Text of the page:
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@srijayanth I think it might be handy to just add a project-level configuration variable that can be used to specify the project root ns. People would be able to use it in case the inference doesn’t work properly for one reason or another.


That could work, though I am still surprised this isn’t working. The env property user.dir is set correctly


so it is set to project root


Hmm, so I guess it’s something else. Might be a good idea to debug what’s happening exactly when you run the command. I’m on the road this week and my ability to debug anything is quite limited right now. You can also file a GH issue, so we won’t forget about this.


Sounds good if I try to fix the build? No overlap w/ someone else?

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@vemv Definitely! It’s safe to say that refactor-nrepl has been getting very little love lately, so it’s extremely unlikely to run into conflicts with anyone there. 🙂


cider ! Nice, I have some possible improvements to propose, especially cljr-slash perf improvements

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That would be awesome :) cljr-slash is probably the most useful command in the library, but it causes a 1-2 second lag every time I use it on a fully qualified namespace.


1-2? you're lucky ;p I reduced it to 1-2 from ~8 or so, don't remember exactly the numbers. I have ~900 .clj files in my largest work project (oc it's also faster in non-humongous projects)

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> every time I use it on a fully qualified namespace good observation, this is part of my plan. there's a few edge cases where cljr-slash should be a no-op, which is the best possible optimization ^^


looking forward to it!


Looks like it also triggers on fractions like 1/2, but that might be better fixed on the emacs package


Slightly tricky, the fractions... however the fact that symbols in Clojure cannot start with a number at least makes it possible to parse without backtracking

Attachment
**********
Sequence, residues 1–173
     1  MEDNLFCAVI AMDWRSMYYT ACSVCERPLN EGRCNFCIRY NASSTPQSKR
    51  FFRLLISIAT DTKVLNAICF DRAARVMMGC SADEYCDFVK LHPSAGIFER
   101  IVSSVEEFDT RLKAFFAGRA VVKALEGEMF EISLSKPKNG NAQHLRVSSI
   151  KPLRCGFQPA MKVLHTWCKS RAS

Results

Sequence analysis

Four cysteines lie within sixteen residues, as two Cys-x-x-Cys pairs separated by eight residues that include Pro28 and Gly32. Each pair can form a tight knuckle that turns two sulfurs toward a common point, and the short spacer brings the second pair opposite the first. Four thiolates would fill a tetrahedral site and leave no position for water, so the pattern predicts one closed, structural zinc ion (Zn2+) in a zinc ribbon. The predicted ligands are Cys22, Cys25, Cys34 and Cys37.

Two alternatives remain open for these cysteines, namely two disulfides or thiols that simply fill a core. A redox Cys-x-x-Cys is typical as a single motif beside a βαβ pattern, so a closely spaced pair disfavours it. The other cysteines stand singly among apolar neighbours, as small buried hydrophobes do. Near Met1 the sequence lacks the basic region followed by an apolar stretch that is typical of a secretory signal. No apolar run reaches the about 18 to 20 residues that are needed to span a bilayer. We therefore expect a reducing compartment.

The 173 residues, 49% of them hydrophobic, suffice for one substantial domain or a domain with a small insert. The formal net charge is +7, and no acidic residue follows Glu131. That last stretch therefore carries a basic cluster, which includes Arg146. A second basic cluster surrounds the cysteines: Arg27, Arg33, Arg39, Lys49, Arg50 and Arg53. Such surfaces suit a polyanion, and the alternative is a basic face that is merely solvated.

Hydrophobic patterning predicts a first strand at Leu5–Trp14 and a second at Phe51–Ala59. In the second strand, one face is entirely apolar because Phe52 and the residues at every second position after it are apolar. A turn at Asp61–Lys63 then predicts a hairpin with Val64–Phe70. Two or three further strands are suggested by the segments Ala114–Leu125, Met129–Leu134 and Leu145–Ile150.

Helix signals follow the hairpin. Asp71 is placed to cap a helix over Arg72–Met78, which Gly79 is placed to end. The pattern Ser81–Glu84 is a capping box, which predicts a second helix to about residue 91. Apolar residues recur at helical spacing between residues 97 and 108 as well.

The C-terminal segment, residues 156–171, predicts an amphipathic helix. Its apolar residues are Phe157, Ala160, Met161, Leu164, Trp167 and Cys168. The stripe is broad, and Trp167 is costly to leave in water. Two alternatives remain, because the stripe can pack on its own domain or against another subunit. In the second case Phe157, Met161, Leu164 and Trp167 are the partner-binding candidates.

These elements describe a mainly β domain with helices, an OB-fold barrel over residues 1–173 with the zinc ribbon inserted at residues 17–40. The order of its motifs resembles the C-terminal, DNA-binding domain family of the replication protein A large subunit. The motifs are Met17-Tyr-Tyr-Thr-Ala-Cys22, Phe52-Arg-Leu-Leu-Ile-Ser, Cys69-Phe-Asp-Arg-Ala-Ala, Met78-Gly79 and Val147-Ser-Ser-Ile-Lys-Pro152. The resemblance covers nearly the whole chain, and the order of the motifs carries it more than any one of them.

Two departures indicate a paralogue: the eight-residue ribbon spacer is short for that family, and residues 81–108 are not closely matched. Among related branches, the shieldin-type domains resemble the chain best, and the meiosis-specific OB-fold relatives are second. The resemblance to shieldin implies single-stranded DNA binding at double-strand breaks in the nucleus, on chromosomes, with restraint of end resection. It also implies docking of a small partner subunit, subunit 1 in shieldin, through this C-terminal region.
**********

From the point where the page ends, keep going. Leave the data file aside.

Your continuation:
I love cljr-slash and the rest of refactor-nrepl ... but I disabled it a while ago because of some combination of lag and suspicion of buggy interactions 😞


Thank you for fixing!


@UCPS050BV @vemv One more thing to consider in case you want to hack on refactor-nrepl and clj-refactor - a while ago we’ve decided to move the most useful parts of both of them that are not tied to the analyzer to clojure-mode/CIDER to simplify the maintenance and the setup. We didn’t do much on the front - basically our biggest achievement was move a bunch of simple refactoring functions to clojure-mode, but I hope we’ll revisit this down the road.

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Rusty Shackleford19:04:58

Hi all, is there a ready-made way to cider-connect to a running nREPL that does not have the cider middleware already loaded, and then inject that middleware dynamically, i.e. without having to alter the original code that exposes the nREPL? My use-case: I'd like to hack around on clojure-lsp, which will start a "vanilla" nREPL instance if built with a debug flag. So I've built it locally with that flag, configured lsp-mode to use that build, fired up Emacs and lsp-mode, retrieved the port number the nREPL is exposing, and then would like to use Cider for debugging etc. as I mess around with the code. But when I cider-connect to the running nREPL I get WARNING: CIDER requires cider-nrepl to be fully functional. Some features will not be available without it! If I'm reading the docs correctly, I believe I can add cider-nrepl to the project's deps.edn, find the code that starts the repl and add some parameters to include the cider middleware at startup, then rebuild, but I'm wondering if there's a built-in way to do this on the fly? Reading through the nrepl docs, it looks like it does expose a wrap-dynamic-loader function that could do this, but I've having trouble putting all the pieces together for how that might be invoked directly from Cider (somewhat new to Clojure, coming from Java-land).